I often wonder if the occurrence of “bad” things is on the rise or if the amount of easily-accessible news coverage is actually the culprit. A quick history lesson will reveal that international conflict, racism and disease have been reoccurring themes throughout history. However, digital cameras, the internet and social media bring a whole new dynamic to the situation.
With that, I look back on 2014 and consider the topics that rise to the top. Ebola. Ferguson. Mexican drug lords. The mess in the Middle East. Let’s just stop there. It’s not that I don’t want to think about it, it’s just that I’m not smart enough to put any of it into perspective.
Complaining and preaching peace and understanding will just make me sound like a whiny, west-coast liberal.
Of course, a hands-off, I-can’t-change-it, let’s-focus-on-getting-by-and-being-happy approach would put me in the insensitive American category.
I’m not the person out there blocking 1-80 to make a point, but I understand where people are coming from. Of course, I’ve also learned that you DO NOT fuck with the cops. You’re compliant, respectful and absolutely pathetic until they hopefully decide to let you go. They’re certainly not your friends, but they’re not an archenemy either.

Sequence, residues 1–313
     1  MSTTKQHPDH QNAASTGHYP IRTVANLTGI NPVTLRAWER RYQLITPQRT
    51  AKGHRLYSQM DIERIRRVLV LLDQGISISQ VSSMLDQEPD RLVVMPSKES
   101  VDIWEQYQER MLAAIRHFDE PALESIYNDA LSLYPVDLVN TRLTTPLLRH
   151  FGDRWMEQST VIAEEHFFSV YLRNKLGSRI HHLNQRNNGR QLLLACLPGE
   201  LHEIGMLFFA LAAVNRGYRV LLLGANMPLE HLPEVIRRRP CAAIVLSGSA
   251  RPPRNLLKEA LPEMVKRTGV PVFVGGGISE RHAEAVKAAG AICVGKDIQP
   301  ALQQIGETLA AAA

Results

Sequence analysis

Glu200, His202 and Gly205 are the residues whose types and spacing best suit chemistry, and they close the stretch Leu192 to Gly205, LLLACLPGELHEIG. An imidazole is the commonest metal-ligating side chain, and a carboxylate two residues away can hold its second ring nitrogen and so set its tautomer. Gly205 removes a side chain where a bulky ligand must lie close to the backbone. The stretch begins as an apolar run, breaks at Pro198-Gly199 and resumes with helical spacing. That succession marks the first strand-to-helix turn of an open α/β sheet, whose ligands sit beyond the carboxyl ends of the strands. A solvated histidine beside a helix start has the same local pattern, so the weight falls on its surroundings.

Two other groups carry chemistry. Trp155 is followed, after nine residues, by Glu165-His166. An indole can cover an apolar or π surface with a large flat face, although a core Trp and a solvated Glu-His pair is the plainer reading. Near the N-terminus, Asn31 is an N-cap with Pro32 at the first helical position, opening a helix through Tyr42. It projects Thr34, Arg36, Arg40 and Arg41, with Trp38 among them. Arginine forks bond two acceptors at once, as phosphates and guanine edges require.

See how this can get confusing? See where the title “Opposite Day” came from? So I flip through the New York Times’ Year in Pictures on my overpriced Apple laptop, while sitting in my overpriced San Francisco apartment and admire the few images that aren’t mushroom clouds, corpses or weeping mothers.
This way we end on a positive note. Right? Right.